Two shops in every port

We have offices in 10 countries around the world, the major countries that you would think of. We actually have two shops, two networks in those key markets around the world. In all the key markets around the world, Italy, France, Spain, Germany, Japan, Australia, we have a Medicus office and a Saatchi office, separately managed. And we have medical education practice in the name of Discovery in each of those countries also.

Avoiding railroad's fate

In terms of a broad vision, we understand that advertising, as it's narrowly defined, does not in essence represent, probably even today, everything that we do, or needs to be done and certainly won't in the future. Interaction and communication in healthcare is where we want to be. We want to be where professionals and consumers, patients and caregivers are interacting in a healthcare venue. I don't want to create too much of a dramatic point, but 100 years ago, the number-one industry in this country—or, actually, in the world—was the railroads. Well, we know where they are today and that's because they only thought of themselves as a railroad business, not a transportation business. We don't want to end up that way. We want to think about where this business is all going.

Ramped up for digital

In addition to the strategic creative content that we are a big part of, we see involvement in the emerging channels of communication, be it digital or interactive, as a place where we need to be. That's where we're making a lot of our investment internally. Getting our people ramped up to be able to create in the digital environment, on that canvas, as well as on paper and in television and radio. And we see acquisitions in that area will come from the Publicis Group, like Digitas, and even from within our own Healthcare Group. So we're pushing in that direction.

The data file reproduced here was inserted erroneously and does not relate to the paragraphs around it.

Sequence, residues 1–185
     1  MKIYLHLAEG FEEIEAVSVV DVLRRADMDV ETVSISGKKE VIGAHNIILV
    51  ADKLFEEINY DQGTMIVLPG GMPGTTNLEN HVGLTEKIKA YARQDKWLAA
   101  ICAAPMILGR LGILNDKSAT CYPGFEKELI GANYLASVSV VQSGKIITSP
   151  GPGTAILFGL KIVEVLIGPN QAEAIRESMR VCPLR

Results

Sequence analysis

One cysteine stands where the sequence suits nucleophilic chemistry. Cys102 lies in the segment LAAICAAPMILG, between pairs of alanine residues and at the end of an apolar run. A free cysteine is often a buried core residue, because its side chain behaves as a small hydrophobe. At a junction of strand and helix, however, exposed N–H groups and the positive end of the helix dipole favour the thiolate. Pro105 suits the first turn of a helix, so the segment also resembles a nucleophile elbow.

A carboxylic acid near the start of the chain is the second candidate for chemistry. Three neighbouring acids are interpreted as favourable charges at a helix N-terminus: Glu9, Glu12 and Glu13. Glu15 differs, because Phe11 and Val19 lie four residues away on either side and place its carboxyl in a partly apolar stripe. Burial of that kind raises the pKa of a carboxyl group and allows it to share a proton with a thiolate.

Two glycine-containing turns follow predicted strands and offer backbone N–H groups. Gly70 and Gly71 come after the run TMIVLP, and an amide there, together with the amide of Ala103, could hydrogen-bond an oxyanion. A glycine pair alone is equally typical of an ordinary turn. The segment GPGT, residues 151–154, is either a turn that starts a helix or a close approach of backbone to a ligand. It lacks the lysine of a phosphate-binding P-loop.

Sights on distant shores

We and the healthcare community are being more broadly accepted in the world at large. We're moving into places that we haven't been in the past or hadn't been very important, like Eastern Europe or, more specifically, China, where we just bought a new company. And so we're moving into markets where interaction and communication about healthcare is a relatively new thing. Where, we think, it is going to be exploding and emerging. We're going to look at India and South America as an opportunity for us to expand geographically. And then we're looking at new channels of distribution and new channels for the creation of those messages.

Trust is communicating

When you think about the word 'trust' and what it takes to get there, I go back to how I've built trust within my own organization or within my family. Trust is all about communicating with people, letting them know what you're all about, and having integrity, saying what you mean and meaning what you say.

Opting in